JAMES: No but I’m telling you that of the four women I’ve been with in my life, I wouldn’t introduce any of them to my mother, or even to you.

JOEL: Okay, I think I’m beginning to understand.



At this point, J.R. the manager of Chads, emerges from the kitchen with the usual business-like, stern look on his face. He then walked around the restaurant, having brief chats with the employees and getting ready for a night of big profits. – Then returned to where Joel sat.


J.R.: Hey Joel. How goes it?

JOEL: Not bad. What’s new and different?

J.R.: More of the same. It doesn’t change much around here.

JOEL: But it’s a steady paycheck.

J.R.: Yeah….. say, listen, the old lady’s here tonight.

JOEL: Who, Ms. Fortune?

J.R.: Yeah, old Ms. Good advice herself.

JOEL: I heard she has a real good track record. (staring at Ms. Fortune)

JAMES: Track record for what?

J.R.: You name it.

JAMES: Can you be a little more specific?

J.R.: Okay, it’s as simple as this – if you’ve got a problem, she can handle it.

JAMES: Meaning?

J.R.: Meaning… just that. Why don’t you give her a try?

JAMES: You mean just walk over there and strike up a conversation with some strange old woman? She’ll probably think I’m a…

J.R.: No she won’t. Just do it. I’ve seen the way girls react to you in here. There must be some reason they’re rejecting you, so go lay it on her.

JAMES: No shit? (after surveying the lady carefully, then looking back at J.R.) Okay, but maybe next time. I’m gonna split for the night. Later.

As Joel and J.R. wished him a good night, James settled his tab then vanished out the door and into the cold, lonely Colorado night.




James pulls up in front of room 9 of the Stonewall Motel in Lakewood. It had a magnificent view of the Denver skyline. He backed his rented Dodge Neon into his parking slot and turned on the radio to Denver’s best oldies station at 105.1 on the FM dial – “MILE HIGH HITS.” He had tuned in just in time to hear “She’s a Must to Avoid” by Herman’s Hermits. “A complete impossibility” the lyrics went. “Yeah, they’re all impossibilities” he thought. As he lit a cigar and gazed at the glowing Denver lights, he began to think of how nice it would be to have a girl sitting next to him, holding hands, enjoying the music. Sitting in his car was one of his nightly activities after going to Chads. He had his car heater turned up full-blast to combat fifteen-degree temperature, and after two hours of non-stop oldies, he finally went in his room and settled in for what was left of the night. He showered and poured himself a hefty glass of skim milk, and turned on the TV. “The Incredible Shrinking Man” was on. “At least I don’t have HIS problems,” he thought.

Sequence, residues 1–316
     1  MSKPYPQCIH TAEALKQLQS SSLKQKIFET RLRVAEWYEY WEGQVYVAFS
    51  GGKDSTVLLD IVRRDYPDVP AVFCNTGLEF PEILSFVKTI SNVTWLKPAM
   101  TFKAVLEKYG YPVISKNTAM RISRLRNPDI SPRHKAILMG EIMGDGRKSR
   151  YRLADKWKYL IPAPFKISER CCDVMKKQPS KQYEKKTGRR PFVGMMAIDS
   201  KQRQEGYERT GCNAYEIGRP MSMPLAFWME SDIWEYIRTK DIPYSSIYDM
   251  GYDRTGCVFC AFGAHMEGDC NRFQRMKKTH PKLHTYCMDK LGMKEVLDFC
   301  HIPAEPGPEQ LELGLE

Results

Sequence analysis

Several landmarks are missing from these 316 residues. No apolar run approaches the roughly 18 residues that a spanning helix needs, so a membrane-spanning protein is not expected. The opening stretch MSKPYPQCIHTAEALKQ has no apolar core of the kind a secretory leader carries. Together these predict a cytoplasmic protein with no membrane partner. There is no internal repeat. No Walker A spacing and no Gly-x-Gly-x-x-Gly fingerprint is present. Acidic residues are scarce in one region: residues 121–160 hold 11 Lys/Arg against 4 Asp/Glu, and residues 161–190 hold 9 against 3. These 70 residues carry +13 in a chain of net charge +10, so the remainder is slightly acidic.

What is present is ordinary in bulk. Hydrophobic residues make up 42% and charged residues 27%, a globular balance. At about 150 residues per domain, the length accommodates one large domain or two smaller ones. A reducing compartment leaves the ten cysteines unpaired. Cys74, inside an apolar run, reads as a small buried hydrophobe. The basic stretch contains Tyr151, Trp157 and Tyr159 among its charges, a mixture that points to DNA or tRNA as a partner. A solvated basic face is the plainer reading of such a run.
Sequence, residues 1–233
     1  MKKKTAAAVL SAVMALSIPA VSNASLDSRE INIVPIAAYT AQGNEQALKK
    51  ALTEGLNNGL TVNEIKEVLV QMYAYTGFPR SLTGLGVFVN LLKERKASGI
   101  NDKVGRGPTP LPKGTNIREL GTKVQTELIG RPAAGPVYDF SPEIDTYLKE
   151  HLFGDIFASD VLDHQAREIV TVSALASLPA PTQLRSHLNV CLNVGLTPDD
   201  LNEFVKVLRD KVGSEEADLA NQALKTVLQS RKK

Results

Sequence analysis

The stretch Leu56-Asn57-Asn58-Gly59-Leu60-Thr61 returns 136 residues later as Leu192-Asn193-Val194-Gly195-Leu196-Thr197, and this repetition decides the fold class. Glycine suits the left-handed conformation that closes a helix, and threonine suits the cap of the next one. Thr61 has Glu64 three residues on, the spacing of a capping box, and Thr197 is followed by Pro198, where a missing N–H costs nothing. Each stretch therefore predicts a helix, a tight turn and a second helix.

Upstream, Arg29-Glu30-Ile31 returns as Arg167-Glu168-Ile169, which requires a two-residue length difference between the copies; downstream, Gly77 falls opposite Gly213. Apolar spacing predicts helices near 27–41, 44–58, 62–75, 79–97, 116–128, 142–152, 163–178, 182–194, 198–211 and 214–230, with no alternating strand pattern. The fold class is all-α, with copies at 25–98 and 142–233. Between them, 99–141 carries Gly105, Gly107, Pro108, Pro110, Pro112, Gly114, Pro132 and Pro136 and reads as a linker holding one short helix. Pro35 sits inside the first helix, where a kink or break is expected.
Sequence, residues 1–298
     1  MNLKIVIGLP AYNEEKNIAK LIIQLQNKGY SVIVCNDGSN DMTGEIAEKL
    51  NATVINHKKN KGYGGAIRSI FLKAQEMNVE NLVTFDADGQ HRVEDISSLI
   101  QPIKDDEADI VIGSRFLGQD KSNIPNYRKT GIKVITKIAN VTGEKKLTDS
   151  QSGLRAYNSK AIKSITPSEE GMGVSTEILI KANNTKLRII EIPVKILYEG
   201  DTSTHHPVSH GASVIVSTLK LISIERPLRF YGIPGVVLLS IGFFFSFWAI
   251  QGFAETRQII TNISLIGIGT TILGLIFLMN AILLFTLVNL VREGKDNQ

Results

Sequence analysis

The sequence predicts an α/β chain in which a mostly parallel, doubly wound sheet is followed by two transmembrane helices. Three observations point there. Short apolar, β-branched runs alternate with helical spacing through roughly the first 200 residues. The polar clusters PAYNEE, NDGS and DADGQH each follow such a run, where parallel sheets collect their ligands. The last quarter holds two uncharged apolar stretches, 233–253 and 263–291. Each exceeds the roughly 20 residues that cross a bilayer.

About halfway through the movie, he got up and grabbed a 7-11 brownie from the refrigerator. After completing it, he began to get sleepy and about the time the shrinking man was being attacked by the tarantula, he fell asleep. Three hours later, he woke, feeling the need to urinate. As he did so, he began to think about the next day’s activities, which would began with the Cottage Inn restaurant, which was immediately adjacent to the motel.








After purchasing a newspaper, James enters the Cottage Inn. He took his favorite seat at the end of the counter, which also had a good view of the city. Then Charlene, the manager, approached him.

CHARLENE: What’ll it be today, iced tea or hot chocolate?

JAMES: Make it iced tea. (in spite of the 40-degree outside temperature) Thanks, he said as she placed the tea before him.

CHARLENE: Okay. How’ve you been?

JAMES: Well, things could be worse.


As Charlene walked away, he began to read his newspaper. As he sipped his tea and read the sports section, he suddenly put down his paper and began to wonder why a fifty-six-year old man from Florida, never married, no prospects would be in Denver, Colorado chasing women. Perhaps it was because of what he called a “wasted youth.” But instinct would always prevail and Chad’s Grill was his choice of the many sports bar restaurants in town. Its atmosphere was most agreeable. It was also a place he could go and not be depressed, and this was important.

After a few minutes, his tea was running low as Charlene approached.

CHARLENE: Like some more?

JAMES: Sure, one more’ll do it.